Following the amendment to the IEC 62305 standard, IEC 62561, which deals with the requirements for the components of lightning protection systems, has also recently been amended. IEC 62305 describes the general requirements for lightning protection systems, whereas IEC 62561 presents the concrete requirements for the components of lightning protection systems [1] . These components in buildings are exposed to direct lightning strokes; consequently, their physical performance should correspond to the magnitude of the current of the direct strokes. IEC 62305 divides the magnitudes of the first short stroke lightning current into values that a range from 100 kA to 200 kA based on lightning protection levels [2] . In order to satisfy the requirements of the IEC 62305 standard, lightning protection systems should be composed of components that have the physical performances to be able to withstand the magnitude of direct lightning strokes.
Lightning protection systems are divided into external and internal lightning protection systems. External lightning protection systems are directly exposed to direct lightning strokes and up to 200 kA of lightning current may flow into these systems. With internal lightning protection systems, the lightning current that flows into the external lightning protection system is divided into different lightning protection systems. Therefore, only around 50 % of the magnitude of the first short stroke lightning current flows into the internal lightning protection system [3] . A lightning current waveform generator which is able to make a current up to 100 kA is necessary to test the performance of internal lightning protection systems. Generally, impulse current generators are composed of R, L, C circuits. However, large-capacity condensers are necessary to generate lightning current waveforms with large amounts of energy, such as first short stroke lightning. When the impulse generator is manufactured, large-capacity condensers are also subject to economic or spatial limitations. Therefore, the development of more efficient methods is urgently required.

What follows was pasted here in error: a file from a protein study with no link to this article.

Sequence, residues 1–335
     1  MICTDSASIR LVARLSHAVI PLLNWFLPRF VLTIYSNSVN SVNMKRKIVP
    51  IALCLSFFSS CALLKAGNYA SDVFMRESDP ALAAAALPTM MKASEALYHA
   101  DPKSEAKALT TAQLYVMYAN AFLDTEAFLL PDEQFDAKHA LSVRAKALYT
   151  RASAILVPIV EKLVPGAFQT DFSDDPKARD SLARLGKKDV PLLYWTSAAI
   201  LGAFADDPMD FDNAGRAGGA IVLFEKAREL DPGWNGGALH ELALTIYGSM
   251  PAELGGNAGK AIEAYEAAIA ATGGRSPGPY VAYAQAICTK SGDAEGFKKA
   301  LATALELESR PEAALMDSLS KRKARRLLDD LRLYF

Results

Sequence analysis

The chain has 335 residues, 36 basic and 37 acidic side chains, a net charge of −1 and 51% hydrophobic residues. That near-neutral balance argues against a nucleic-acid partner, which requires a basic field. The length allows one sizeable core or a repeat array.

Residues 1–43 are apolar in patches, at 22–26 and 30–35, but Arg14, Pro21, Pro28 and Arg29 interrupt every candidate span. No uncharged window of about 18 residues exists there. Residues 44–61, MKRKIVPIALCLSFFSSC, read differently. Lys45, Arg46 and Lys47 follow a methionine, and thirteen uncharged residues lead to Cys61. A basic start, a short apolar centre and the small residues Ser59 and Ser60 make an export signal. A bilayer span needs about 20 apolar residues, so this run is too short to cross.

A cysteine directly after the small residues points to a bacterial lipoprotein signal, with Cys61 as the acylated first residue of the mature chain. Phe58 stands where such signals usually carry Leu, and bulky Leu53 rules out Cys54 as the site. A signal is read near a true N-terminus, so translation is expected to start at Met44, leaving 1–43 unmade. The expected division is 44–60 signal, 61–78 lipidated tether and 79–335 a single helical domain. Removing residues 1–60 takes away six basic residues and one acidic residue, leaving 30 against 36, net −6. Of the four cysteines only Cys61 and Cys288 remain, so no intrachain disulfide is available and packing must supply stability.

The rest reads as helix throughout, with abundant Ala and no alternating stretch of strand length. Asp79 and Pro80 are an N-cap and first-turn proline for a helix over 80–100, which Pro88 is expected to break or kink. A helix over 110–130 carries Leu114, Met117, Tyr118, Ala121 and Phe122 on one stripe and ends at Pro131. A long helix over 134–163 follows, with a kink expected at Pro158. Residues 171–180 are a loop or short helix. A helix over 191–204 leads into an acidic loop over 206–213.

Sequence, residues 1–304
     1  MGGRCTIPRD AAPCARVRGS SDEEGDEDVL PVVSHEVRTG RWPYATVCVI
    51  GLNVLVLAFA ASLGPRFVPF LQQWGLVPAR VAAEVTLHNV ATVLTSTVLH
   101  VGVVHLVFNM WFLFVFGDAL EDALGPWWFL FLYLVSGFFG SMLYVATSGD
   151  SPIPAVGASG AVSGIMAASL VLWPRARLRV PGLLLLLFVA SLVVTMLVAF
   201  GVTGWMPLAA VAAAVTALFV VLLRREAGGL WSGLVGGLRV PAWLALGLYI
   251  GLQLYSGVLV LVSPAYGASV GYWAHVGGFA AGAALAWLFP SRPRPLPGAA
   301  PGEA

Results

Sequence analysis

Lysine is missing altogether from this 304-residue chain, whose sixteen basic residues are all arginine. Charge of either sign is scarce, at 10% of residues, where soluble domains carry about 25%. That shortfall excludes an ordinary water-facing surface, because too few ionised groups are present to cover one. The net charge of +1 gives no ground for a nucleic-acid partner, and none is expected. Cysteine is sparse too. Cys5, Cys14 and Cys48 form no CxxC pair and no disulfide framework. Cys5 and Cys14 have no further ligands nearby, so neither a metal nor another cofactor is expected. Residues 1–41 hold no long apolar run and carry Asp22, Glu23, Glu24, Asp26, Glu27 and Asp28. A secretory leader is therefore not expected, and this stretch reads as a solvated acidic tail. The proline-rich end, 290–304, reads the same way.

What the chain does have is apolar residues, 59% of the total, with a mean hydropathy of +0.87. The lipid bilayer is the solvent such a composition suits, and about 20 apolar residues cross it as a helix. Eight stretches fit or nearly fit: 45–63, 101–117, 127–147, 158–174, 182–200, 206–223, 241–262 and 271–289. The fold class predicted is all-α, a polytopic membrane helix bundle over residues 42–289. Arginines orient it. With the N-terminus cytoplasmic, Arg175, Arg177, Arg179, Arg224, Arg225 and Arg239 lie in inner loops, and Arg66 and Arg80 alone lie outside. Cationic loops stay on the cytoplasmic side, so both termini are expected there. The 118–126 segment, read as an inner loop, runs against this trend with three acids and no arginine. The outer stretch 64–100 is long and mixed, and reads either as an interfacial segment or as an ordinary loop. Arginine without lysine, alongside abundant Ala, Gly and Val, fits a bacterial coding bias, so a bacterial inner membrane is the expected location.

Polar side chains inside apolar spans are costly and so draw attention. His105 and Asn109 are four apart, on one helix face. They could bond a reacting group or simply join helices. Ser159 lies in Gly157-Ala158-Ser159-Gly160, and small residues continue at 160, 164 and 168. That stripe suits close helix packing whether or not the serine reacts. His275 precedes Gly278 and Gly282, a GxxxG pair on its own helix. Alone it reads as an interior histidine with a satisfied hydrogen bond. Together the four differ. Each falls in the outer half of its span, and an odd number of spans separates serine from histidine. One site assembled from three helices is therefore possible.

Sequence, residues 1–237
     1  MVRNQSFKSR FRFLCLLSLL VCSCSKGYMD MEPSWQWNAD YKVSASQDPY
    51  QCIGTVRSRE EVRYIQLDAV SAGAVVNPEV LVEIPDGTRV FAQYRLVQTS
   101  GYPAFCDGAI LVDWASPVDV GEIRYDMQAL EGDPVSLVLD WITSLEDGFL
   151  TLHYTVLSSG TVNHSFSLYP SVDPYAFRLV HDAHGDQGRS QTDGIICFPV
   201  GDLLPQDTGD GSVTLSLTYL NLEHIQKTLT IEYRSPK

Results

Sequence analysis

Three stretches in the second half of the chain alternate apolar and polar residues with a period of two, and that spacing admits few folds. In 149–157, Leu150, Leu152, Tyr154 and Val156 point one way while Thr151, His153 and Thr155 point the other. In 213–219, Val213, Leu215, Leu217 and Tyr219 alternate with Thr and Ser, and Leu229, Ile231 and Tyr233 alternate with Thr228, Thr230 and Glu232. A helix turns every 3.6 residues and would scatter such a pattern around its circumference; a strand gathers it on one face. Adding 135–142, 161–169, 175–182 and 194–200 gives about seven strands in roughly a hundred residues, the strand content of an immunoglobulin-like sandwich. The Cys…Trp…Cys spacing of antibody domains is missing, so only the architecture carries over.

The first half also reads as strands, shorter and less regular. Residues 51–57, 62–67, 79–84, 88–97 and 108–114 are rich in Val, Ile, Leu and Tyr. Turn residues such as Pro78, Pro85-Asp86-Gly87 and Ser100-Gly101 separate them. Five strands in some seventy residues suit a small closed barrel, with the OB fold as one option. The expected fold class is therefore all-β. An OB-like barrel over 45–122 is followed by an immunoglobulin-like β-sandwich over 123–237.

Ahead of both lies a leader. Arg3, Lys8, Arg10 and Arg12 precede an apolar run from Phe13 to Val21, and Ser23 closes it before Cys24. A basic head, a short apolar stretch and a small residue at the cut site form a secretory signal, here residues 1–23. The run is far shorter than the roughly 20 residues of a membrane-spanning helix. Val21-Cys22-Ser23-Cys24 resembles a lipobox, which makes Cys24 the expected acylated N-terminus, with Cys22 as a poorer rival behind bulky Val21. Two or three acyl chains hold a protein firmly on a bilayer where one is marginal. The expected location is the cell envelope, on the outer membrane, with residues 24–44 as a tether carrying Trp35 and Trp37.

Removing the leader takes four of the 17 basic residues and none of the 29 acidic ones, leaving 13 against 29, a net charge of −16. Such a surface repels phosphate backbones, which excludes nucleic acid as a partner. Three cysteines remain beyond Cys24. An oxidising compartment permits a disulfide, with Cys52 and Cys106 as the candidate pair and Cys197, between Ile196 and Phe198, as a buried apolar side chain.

Non-Korean impulse generator manufacturers have technologies to develop the generator that produces the first short stroke lightning current waveforms larger than 200 kA and to conduct performance tests for the components of lightning protection systems [4 - 7] . On the other hand, Korean manufacturers only recently perceived the necessity for developing the lightning current generator when the IEC 62305 standard was introduced as a domestic standard. The technology level of Korea for generating the lightning current waveform is much lower than that in advanced countries, and all of lightning current generators are imported from foreign countries. In Korea, lightning protection system related to the international standards have been introduced. The global market for lightning protection systems is also continuously expanding. Therefore, in-depth studies on first short stroke lightning current waveform generating technology are urgently required.